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I'm wondering if theres already a combo let say jQuery - Some C# DLL to proive a secure both way communication between ASPX forms with jQuery and a control layer based on ashx files with C# classes...


[From comment below]
Well I see I have to be more specific. The are things like sniffers on simple network analysis tools even like Firebug that let you see the data transfered via POST or GET. The idea to secure a Server Client application is to ensure that data isn't corrupt and compromised, and to achive that you have to make imposible to an atacker to report false info so the best is to have improved some cryptographyc algorithms both on client and server to crypt decrypt encode decode data...

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Secure against what? –  SLaks Jun 1 '10 at 17:04
    
This has nothing to do with jQuery. –  SLaks Jun 1 '10 at 17:09
    
Well I see I have to be more specific. The are things like sniffers on simple network analysis tools even like Firebug that let you see the data transfered via POST or GET. The idea to secure a Server Client application is to ensure that data isn't corrupt and compromised, and to achive that you have to make imposible to an atacker to report false info so the best is to have improved some cryptographyc algorithms both on client and server to crypt decrypt encode decode data... –  Jean Paul Jun 1 '10 at 17:23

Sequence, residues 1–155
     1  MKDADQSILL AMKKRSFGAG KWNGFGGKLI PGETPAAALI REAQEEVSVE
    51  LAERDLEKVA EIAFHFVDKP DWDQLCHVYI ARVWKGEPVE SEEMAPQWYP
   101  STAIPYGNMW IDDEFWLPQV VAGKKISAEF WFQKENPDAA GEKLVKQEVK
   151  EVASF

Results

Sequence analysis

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it sounds like you just need SSL. The comment by James Deville in this thread seems like good advice! –  womp Jun 1 '10 at 17:31
    
You just need to use SSL. –  John Wu Oct 11 '13 at 21:48
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2 Answers

The only way you can ever make web communication secure between a client and a server is by using SSL.

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Wrong. Also, SSL might not help. –  SLaks Jun 1 '10 at 17:06
    
I'm looking for a combo of classes - scripts in both sides jQuery C# like AES support for jQuery and C# or Base64 or a custom algorithm but with support in jQuery (Client Side) and ASPX C# (Server Side) –  Jean Paul Jun 1 '10 at 17:06
    
@SLaks - care to elaborate? –  womp Jun 1 '10 at 17:08
    
If he's trying to protect against end-users, SSL won't help at all. –  SLaks Jun 1 '10 at 17:08
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Perhaps I'm totally wrong, but just encrypting messages to go back and forth is still vulnerable to MITM attacks. Digital signing would be needed in order to prevent this - and then you might as well just use SSL? –  womp Jun 1 '10 at 17:19
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Here is a Javascript AES engine.

However, you really should use SSL instead.

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Wouldn't that be moot, as the client AND server would need the key to enc/dec the data. And thus the key would have to be transmitted to the client. –  Aren Jun 1 '10 at 18:01
    
I'm just giving him what he asked for. You're right that it's probably a bad idea. However, if the key is a salted hash of a password entered on the client, it could be reasonably secure –  SLaks Jun 1 '10 at 18:05
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